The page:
11 May 1953

A tornado outbreak in Waco, Texas kills 114 people.

The 1953 Waco tornado outbreak was a series of at least 33 tornadoes occurring in 10 different U.S. states on May 9–11, 1953. Tornadoes appeared daily from Minnesota in the north to Texas in the south. The strongest and deadliest tornado of the severe weather event was a powerful F5 on the Fujita scale.[nb 1] It struck Waco, Texas, on May 11, causing 114 of the 144 deaths in the outbreak. Alongside the 1902 tornado in Goliad, it was the deadliest tornado in Texas history and is the eleventh deadliest tornado in U.S. history. The tornado’s winds demolished more than 600 houses, 1,000 other structures, and over 2,000 vehicles. Nearly 600 injuries occurred, and many survivors had to wait over 14 hours for rescue. The destruction dispelled a myth that the geography of the region spared Waco from tornadoes, and along with other deadly tornadoes in 1953, the Waco disaster was a catalyst for advances in understanding the link between tornadoes and radar-detected hook echoes. It also generated support for improved civil defense systems, the formation of weather radar networks, and improved communications between stakeholders such as meteorologists, local officials, and the public.

2Time from first tornado to last tornado
The 1953 Waco tornado outbreak was a series of at least 33 tornadoes occurring in 10 different U.S. states on May 9–11, 1953. Tornadoes appeared daily from Minnesota in the north to Texas in the south. The strongest and deadliest tornado of the severe weather event was a powerful F5 on the Fujita scale. It struck Waco, Texas, on May 11, causing 114 of the 144 deaths in the outbreak. Alongside the 1902 tornado in Goliad, it was the deadliest tornado in Texas history and is the eleventh deadliest tornado in U.S. history. The tornado’s winds demolished more than 600 houses, 1,000 other structures, and over 2,000 vehicles. Nearly 600 injuries occurred, and many survivors had to wait over 14 hours for rescue. The destruction dispelled a myth that the geography of the region spared Waco from tornadoes, and along with other deadly tornadoes in 1953, the Waco disaster was a catalyst for advances in understanding the link between tornadoes and radar-detected hook echoes. It also generated support for improved civil defense systems, the formation of weather radar networks, and improved communications between stakeholders such as meteorologists, local officials, and the public.The Waco tornado was not the only deadly and damaging tornado in the outbreak sequence. On the same day as the Waco disaster, a high-end F4 tornado struck the Texas city of San Angelo, causing catastrophic damage, killing 13 people, and injuring more than 150. The tornado swept away numerous homes and damaged a school, but students inside escaped serious injuries. On May 9, a long-tracked F3 tornado destroyed a large swath of Hebron, Nebraska, and killed five people in the area. The following day, May 10, featured numerous, often long-tracked and intense tornado families across the states of Iowa, Minnesota, and Wisconsin. Two families on nearly parallel paths traveled more than 100 miles  each and killed a combined total of six people, mostly in Wisconsin. At least one of the tornado families reached F4 intensity in Wisconsin. Two other F4 tornadoes also struck Iowa. Additionally, a relatively moderate tornado of F2 intensity caused significant loss of life in a shack in Minnesota, killing six people. Although 33 tornadoes were officially registered from May 9–11, others likely occurred but either went undetected or were not officially documented.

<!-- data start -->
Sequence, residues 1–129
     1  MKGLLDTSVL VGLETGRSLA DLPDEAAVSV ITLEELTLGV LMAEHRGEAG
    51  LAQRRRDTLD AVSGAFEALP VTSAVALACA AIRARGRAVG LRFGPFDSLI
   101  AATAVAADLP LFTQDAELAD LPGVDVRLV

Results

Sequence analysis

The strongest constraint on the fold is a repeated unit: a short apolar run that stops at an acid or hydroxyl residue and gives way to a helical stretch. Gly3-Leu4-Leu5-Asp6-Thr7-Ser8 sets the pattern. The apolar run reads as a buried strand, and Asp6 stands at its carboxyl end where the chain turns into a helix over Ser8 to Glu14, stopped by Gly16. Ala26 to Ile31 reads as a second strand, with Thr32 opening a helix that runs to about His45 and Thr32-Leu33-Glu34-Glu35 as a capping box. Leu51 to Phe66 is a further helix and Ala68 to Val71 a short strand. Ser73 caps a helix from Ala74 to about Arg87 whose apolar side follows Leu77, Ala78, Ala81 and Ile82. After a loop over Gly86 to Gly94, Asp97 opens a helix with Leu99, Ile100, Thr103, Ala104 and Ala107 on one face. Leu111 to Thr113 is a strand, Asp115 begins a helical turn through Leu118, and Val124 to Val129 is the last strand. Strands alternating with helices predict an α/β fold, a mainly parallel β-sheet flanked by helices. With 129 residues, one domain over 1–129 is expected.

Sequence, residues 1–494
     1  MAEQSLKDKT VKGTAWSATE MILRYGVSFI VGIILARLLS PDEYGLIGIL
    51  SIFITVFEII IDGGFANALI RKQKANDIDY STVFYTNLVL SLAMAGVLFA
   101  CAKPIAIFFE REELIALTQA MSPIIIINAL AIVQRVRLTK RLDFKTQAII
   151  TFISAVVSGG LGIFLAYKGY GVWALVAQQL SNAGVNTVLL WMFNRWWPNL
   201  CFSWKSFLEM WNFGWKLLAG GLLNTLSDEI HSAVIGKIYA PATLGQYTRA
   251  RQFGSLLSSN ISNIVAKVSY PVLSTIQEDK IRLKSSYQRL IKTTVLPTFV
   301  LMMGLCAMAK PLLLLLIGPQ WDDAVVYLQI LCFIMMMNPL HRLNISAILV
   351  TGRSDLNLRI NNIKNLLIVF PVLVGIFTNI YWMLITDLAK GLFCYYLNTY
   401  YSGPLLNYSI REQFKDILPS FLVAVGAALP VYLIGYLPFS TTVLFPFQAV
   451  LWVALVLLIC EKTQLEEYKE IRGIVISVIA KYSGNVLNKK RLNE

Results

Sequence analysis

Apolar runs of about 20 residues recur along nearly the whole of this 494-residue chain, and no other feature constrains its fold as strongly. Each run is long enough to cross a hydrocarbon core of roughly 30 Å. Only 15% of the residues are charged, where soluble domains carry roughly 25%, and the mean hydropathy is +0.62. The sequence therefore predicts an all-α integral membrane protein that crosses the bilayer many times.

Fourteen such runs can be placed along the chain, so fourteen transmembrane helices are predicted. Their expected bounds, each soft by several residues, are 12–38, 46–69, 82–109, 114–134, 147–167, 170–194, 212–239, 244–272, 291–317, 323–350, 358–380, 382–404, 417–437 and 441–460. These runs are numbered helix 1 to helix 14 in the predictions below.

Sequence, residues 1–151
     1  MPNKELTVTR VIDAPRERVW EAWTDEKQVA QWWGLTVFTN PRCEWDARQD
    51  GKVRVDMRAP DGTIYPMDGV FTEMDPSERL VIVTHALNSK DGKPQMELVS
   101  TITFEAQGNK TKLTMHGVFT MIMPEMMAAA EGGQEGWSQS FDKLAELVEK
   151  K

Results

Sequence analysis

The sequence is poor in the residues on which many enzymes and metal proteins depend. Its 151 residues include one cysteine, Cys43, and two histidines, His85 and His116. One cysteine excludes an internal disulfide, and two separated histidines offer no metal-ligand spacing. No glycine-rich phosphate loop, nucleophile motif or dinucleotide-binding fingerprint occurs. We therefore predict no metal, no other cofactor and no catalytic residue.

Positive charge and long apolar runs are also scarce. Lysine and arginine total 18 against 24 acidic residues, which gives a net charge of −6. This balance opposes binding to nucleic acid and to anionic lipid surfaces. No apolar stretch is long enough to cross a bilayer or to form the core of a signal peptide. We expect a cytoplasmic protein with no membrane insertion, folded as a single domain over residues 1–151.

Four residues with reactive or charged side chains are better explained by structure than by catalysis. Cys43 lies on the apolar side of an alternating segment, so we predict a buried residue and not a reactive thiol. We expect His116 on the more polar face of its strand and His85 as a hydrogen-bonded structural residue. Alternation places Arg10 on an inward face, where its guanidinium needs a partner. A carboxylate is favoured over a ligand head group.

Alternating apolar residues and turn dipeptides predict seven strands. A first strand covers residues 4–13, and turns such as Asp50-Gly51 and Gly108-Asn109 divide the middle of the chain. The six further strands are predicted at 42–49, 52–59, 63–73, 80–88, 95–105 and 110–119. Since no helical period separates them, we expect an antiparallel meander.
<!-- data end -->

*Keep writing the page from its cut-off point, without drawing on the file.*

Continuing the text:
24 April 1953

Winston Churchill is given a knighthood by Queen Elizabeth II.

Winston Leonard Spencer Churchill, the British leader who guided Great Britain and the Allies through the crisis of World War II, is knighted by Queen Elizabeth II.

Born at Blenheim Palace in 1874, Churchill joined the British Fourth Hussars upon his father’s death in 1895. During the next five years, he enjoyed an illustrious military career, serving in India, the Sudan, and South Africa, and distinguishing himself several times in battle. In 1899, he resigned his commission to concentrate on his literary and political career and in 1900 was elected to Parliament as a Conservative MP from Oldham. In 1904, he joined the Liberals, serving in a number of important posts before being appointed Britain’s First Lord of the Admiralty in 1911, where he worked to bring the British navy to a readiness for the war he foresaw.

In July 1945, 10 weeks after Germany’s defeat, his Conservative government suffered an electoral loss against Clement Attlee’s Labour Party, and Churchill resigned as prime minister. He became leader of the opposition and in 1951 was again elected prime minister. Two years later, he was awarded the Nobel Prize in literature for his six-volume historical study of World War II and for his political speeches; Queen Elizabeth II also knighted him. In 1955, he retired as prime minister but remained in Parliament until 1964, the year before his death.